If you find your network is considered within scope for an audit, make sure your network people are available and aware of any audit requirements they need to insure compliance. This is especially important in larger organizations where the network group and the IBM i support staff may reside in different departments or divisions.
If you’ve been sold or merged….
If your company was recently sold or merged with another division, review any audit records (requirements, reports, remediation, and follow up) that your new auditors had previously issued for your new organization. Prior documentation can help you determine what new requirements you’ll have to implement to become compliant. Old audit material can provide hints on what your auditors care about and what they focused on in the past.
Bring in an outside compliance evaluator
Several companies offer products and services that provide comprehensive evaluations of an organization’s IBM i compliance with PCI DSS, Sarbanes-Oxley (SOX), the Health Insurance Portability and Accountability Act of 1996 (HIPAA), and other government or industry regulations. Compliance evaluators can be a major help in maintaining compliance before, during, and after an audit.
As an example, SEA offers iSecurity Compliance Evaluator, which performs IBM i compliance checking for several common regulations. Compliance Evaluator can check your IBM i system and network activity against a common standard; report on unexpected changes in the environment; score your performance against self-defined compliance targets that you enter yourself; and send out full reports as well as non-compliance reports that only show your problem areas. Other compliance evaluation packages may offer different functions, but the idea is to pre-evaluate and report on your system using criteria provided by you and your auditor and then remediate any deficiencies the system may find before the audit occurs.
Getting ready for the audit
These are only a few ideas for preparing your systems for an audit before the auditors show up. Please feel free to contact us at SEA software for more information and advice on how to prepare for your own audit situation.

Thursday, August 17, 2017

Briefly About the Basics and History of AS/400

Briefly About the Basics and History of AS/400

AS/400 is probably a term that tons of today’s young programmers haven’t even heard about.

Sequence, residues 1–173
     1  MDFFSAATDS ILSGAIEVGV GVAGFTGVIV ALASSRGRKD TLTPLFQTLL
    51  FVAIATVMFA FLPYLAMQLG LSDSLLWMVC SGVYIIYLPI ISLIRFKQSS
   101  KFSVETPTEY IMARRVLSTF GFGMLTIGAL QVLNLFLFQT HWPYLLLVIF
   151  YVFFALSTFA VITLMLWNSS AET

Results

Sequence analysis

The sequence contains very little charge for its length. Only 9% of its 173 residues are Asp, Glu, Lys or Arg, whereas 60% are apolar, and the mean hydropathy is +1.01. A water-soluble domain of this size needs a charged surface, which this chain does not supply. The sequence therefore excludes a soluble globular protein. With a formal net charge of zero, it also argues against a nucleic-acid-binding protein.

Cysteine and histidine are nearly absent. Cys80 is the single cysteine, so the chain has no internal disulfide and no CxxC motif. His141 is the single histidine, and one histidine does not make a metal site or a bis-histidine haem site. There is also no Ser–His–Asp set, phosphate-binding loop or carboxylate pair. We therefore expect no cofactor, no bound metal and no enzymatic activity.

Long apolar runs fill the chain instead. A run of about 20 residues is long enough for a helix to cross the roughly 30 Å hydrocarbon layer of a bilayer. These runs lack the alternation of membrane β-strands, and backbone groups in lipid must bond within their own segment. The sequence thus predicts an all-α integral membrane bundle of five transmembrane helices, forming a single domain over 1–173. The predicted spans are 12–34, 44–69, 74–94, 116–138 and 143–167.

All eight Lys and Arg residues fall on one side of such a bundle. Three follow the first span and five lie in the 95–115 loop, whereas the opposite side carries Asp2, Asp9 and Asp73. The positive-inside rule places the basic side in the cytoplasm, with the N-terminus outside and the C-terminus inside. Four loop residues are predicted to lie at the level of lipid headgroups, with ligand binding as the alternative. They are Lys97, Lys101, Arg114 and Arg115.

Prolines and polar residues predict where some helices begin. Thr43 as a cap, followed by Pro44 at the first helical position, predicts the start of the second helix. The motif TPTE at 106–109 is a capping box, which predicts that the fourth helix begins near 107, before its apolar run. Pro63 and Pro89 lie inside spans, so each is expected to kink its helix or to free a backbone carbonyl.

I often run into different site’s, different surveys, like “What’s your favorite server operation system?”. Surprisingly (formerly) OS/400 (now IBM i) is not even on these lists anymore! I remember the times when the Operating System of the AS/400 was a huge hit!
This short article is for the ones who don’t really know much about this topic, but as an open-minded professional, want to know a bit more about this old-school giant.
ibm i as/400 as400 development developer application
An Original IBM AS/400 hardware.
The operating system of the AS/400 has had different names… OS/400, or iSeries, etc… We like its original name, because “AS” stands for “Application System”. It describes well what is special in the system:
It is an Application-centric OS, NOT a processor-centric.
It is called IBM i now, but it was a long road…

The Brief History of the OS

First, there was the IBM System/38. It was a minicomputer for business and departmental use, launched in 1979.
It was a complete product line, with different architectures: System/3, System/32, System/34, System/36.
Later on IBM realized that compatibility is key for the thousands of programs written in legacy code: They released the AS/400 midrange computer line in 1988. The AS/400 was supplied with a proprietary operating system: OS/400, which enabled programs written for System/34 and 36 to be moved to the AS/400.
In 2000, the AS/400 was rebranded as the eServer iSeries.
Then in 2006, it was rebranded again as IBM System i.
2 years later, in 2008, the System i and System p product lines were combined into a new product line: IBM Power Systems.
The operating system was also rebranded from OS/400 to i5/OS and finally to IBM i.
It IS an old system. But it is STILL widely used. Mostly where data safety and stability is above everything else. It is mostly used in banks, but often in manufacturing, transportation and logistics, finance, and so on…

What is unique about AS/400?

Why is it a big deal? How is it so different from other operating systems?
Let’s look the short philosophy behind the different operation systems!